How Urban Development Shaped the Way 19th-century New Yorkers Ate

“New York City is famous for its food culture, whether it’s a $500 tasting menu at a Michelin-starred restaurant or a bodega bacon, egg, and cheese. It’s possible to find food from every corner of the world, no matter how obscure. Restaurants make, and sometimes unmake, entire neighborhoods.

This is a city that eats out. But that wasn’t always the case. Rewind just over 200 years, when New York was caught between being a Dutch colony and a city, and dining out was a rarity. As the city urbanized, how its residents ate profoundly changed.

An oyster cart, circa 1885

“Food serves as a nice medium to take a step back and look at the bigger picture of New York City history,” says Victoria Flexner, the founder of Edible History, a supper club that creates dinners themed around specific historical moments. Recently Flexner and chef Jay Reifel hosted a meal at the James Beard House that told the story of New York City’s urban development in the 19th century through how its residents dined out.

As the city became rapidly industrialized in the 19th century, a new system emerged to feed these workers: the mobile food cart.

While politicians, businessmen, and other white-collar workers went to oyster cellars and restaurants for their midday meals, lunch came to the working class. Vendors would park outside of factories and docks and, for a few pennies, would sell items like gingerbread, yams, oysters, and corn.”

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Refined British Restaurant Found Hiding in a Brooklyn Bar

Image result for Cherry Point new york

“Cherry Point sits on Manhattan Avenue in Greenpoint, a few steps from the corner where Bedford Avenue, having flowed all the way across Brooklyn from the shores of Sheepshead Bay, suddenly comes to an end. The area is marked by a cluster of restaurants. Some have a washed-up feeling, as if they’d all been drifting along in Bedford’s currents and had been stranded there. A few stand out in the landscape.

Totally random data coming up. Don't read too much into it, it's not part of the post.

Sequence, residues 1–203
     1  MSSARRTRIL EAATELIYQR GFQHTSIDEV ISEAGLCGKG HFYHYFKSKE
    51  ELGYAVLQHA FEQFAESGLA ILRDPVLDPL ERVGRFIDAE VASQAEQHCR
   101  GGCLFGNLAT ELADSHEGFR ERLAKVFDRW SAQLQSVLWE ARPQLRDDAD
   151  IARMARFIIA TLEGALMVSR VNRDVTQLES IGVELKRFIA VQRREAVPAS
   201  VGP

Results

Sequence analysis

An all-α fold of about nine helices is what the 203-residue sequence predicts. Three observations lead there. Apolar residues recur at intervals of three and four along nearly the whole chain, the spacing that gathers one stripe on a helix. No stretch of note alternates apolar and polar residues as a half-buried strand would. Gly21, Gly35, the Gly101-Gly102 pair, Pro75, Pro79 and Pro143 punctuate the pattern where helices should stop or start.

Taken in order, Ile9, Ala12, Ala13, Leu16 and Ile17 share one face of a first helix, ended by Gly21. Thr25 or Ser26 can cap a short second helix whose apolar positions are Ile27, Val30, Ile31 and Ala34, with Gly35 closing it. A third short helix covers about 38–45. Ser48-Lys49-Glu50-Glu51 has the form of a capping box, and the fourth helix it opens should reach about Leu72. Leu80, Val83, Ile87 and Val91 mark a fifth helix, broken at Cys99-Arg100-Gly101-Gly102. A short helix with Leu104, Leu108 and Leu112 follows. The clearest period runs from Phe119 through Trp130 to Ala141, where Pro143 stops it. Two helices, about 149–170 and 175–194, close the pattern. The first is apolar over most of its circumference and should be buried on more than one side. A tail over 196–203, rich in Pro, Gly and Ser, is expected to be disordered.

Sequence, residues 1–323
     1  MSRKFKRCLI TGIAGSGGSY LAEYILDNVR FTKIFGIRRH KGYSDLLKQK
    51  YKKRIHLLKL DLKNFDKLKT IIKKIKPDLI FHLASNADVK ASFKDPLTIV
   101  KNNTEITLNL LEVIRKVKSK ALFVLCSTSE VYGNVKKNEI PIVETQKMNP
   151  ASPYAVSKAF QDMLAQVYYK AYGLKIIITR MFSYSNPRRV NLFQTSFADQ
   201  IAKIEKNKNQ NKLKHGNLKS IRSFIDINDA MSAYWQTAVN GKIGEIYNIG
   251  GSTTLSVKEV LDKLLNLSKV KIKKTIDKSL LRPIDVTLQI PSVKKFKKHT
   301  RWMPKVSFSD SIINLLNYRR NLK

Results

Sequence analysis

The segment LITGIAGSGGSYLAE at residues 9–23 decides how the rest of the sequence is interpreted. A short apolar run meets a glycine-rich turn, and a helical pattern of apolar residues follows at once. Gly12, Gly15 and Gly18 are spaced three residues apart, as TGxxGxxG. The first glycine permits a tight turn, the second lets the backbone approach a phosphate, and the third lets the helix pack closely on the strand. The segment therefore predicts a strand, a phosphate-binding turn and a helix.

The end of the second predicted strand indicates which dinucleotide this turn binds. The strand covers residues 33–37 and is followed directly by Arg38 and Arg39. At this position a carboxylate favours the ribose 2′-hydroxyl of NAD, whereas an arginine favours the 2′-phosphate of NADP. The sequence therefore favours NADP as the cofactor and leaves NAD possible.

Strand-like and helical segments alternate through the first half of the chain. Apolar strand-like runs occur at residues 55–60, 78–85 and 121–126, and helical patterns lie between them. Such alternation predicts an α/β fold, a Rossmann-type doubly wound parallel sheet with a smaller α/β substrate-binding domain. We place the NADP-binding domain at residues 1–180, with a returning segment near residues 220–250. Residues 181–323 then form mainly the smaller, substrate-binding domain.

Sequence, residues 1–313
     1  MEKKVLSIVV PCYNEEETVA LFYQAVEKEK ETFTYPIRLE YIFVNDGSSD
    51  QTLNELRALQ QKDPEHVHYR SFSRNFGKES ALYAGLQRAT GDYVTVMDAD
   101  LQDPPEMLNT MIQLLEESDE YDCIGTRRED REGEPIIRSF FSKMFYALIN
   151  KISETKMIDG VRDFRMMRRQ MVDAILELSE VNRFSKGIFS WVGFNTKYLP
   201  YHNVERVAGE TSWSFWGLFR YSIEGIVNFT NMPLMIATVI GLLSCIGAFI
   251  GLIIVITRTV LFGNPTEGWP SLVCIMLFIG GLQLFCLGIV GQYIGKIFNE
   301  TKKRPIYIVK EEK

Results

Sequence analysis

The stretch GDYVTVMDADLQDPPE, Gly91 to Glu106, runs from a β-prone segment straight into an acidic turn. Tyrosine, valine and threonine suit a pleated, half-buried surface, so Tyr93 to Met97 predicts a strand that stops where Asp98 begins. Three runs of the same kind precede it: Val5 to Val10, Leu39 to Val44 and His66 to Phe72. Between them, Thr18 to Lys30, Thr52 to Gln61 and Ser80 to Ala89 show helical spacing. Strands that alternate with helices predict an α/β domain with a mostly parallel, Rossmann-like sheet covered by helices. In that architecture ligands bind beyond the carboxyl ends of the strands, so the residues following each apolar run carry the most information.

In the fall, Cherry Point took a decisive turn into the second category when a new chef took over, but not everyone in the neighborhood seems to realize it yet. People still tumble in for happy hour, when servers whose hairstyles take a minute to adjust to will pour three-gulp martinis, manhattans and Rob Roys (due for a revival) in little Nick & Nora glasses for $8 each, and then after happy hour ends at 7 p.m. most of the crowd generally drifts out to find somewhere else for dinner. The space, with its old-timey wainscoting and its central bar, is easy to mistake for a tavern.”

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Why small wine lists may be ideal for restaurants

“Picture yourself in a fancy restaurant known for its wine list. The host hands you a heavy leather volume, or maybe an iPad, to peruse pages upon pages of bottle selections.

Maybe you’re in the mood for something specific, so you navigate to the category you want. From there, you focus on a country, a grape and finally, you make a selection from 10–12 bottles. But if you don’t have a predetermined wine in mind, you’re left guessing what your companions like and what will complement their meals. Sure, the floor sommelier can help, and it’s exciting to have s many options, but it can also add a layer of complication and intimidation.

Enter the small wine list. If a big tome conveys gravitas and leather-bound luxury, a small printed list speaks to elegance, simplicity and ease. Instead of flipping through numerous pages of bottles before you even look at the menu, you can order wine at a glance and focus on your date, friends or family.”

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